Ques and Ans with students of Jaipuria School, Part I on 22 July 2004 - Part 1: Draupadi

As hindu mythology says.. this is Ankur Mehrotra. Is he here? Very good question.

Q: As hindu mythology says Draupadi was the main cause of the great war of Mahabharata. Why she has been called the ideal woman when she has been the cause of war? Does an ideal woman seek vengeance?

It’s a very, very interesting, very important question. Vengeance certainly can be regarded as a wrong movement of human nature, badla lena. This has been one of the modern trends of today. There is an ethical doctrine that if somebody slaps you on the left cheek, you give the right cheek, it’s a very great teacher in India. But in India we have said that to reach an ideal you have to pass through many stages. What is good for child may not be good for adults. What is good for a tamasic man is not good for a rajasic man. What is good for a rajasic man is not good for a sattvic man. What is good for a sattvic man is not good for the spiritual man.

If you don't make this kind of distinction wrong judgments will come up. Take, for example, in Indian ethics to eat, for good taste is not regarded to be a great virtue in Indian life. You should eat for the sake of nourishment and not for the sake of taste, but supposing you have a child who does not eat at all, does not like anything that you prepared, then you prepare something the child will like from the point of the taste. What is better to allow the child to starve or to give to the child a food which the child appreciates and likes? If you tell the child now that look, don't eat for the sake of taste, only for your nourishment. Ethics is a ladder. You rise from lower level to higher levels. Many people believe that ethics has no ladder, one general principle for applied everybody. You should not, therefore, judge all on the same plane.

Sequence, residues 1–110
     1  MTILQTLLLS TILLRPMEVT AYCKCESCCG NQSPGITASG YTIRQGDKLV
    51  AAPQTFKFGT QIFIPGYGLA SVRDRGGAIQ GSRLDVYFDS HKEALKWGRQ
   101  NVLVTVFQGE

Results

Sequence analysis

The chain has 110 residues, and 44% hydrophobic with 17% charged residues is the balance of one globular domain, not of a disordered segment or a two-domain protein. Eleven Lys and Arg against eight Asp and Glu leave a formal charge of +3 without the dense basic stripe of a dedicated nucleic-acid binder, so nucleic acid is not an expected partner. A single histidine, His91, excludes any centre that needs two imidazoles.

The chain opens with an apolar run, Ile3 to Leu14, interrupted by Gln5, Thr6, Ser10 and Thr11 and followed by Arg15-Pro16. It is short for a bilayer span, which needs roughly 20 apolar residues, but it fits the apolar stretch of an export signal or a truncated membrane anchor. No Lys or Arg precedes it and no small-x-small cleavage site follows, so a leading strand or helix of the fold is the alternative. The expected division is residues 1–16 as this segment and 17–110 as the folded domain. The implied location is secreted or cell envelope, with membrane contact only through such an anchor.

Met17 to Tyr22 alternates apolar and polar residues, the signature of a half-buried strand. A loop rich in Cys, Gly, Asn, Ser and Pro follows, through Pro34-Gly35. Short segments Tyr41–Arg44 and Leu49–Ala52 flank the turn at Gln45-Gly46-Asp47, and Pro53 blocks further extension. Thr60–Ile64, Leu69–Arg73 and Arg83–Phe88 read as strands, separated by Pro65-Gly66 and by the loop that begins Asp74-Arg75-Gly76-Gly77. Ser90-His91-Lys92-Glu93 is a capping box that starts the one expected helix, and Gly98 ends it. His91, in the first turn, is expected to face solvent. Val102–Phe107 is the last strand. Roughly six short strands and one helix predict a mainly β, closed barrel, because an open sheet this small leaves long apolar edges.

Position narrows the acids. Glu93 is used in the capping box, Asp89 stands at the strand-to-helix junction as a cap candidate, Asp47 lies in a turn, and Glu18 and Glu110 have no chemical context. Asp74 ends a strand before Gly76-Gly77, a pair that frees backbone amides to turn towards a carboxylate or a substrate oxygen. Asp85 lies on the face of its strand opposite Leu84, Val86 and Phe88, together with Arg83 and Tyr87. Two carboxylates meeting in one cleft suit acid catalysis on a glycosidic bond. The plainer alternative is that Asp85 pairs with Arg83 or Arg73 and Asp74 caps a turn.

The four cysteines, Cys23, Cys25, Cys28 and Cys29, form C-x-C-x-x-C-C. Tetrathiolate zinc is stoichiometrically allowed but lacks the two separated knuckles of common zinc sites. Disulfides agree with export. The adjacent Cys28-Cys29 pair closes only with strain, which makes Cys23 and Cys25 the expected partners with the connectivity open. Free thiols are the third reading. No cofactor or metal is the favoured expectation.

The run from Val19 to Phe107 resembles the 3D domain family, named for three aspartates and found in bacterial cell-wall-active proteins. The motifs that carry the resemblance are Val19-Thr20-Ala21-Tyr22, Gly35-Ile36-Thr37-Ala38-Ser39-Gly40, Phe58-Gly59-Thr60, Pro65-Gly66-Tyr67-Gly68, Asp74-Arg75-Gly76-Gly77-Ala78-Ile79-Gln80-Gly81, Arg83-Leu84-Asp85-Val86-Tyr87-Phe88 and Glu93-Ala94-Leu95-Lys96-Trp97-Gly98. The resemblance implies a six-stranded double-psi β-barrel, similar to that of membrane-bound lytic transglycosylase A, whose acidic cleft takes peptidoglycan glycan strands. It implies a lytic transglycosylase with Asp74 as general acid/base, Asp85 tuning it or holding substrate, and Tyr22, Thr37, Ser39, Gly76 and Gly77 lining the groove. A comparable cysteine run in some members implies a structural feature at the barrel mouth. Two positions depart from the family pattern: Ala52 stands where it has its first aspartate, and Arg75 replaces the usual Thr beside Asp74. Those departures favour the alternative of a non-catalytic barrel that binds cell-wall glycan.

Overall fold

There is a question of violence and non-violence. It’s a very big question today in India. For the last hundred years, there has been great controversy on violence and non-violence. According to one's idea, you should be all nonviolent. According to another idea, if you have to use violence for a great idea to be realised, then that violence is justified. This is the argument which has bewildered the Indian mind for the last hundred years. Bhagat Singh for example, recently you have seen some films on Bhagat Singh, he did not care for non-violence, he cared for India, he cared for freedom of India and he believed that the Britishers who were sucking the blood of India should be thrown out of India, should even be killed and he suffered a tremendous privation in his life, ultimately he was hanged. Was he wrong? Was he right? Did he have a sense of vengeance? Should he have had the sense of vengeance? Do we praise him for the sake of his vengeance?

Human nature is a mixture of many emotions and we have to judge an individual on the whole, totality of the man, his highest aspiration. An ascetic might say even eating food is not right, but we don't apply the same rule to everybody saying don't eat any food at all. It will be wrong.

When you judge Draupadi, you are not judging her vengeance. Actually, at that time, vengeance was regarded as a right motive of action. The question is: was she motivated only by vengeance? What is the overall energy of Draupadi? Was it only vengeance for which she was fighting? Is it because she was insulted? That therefore she was fighting? If that was the only reason your judgement can be of a very low order.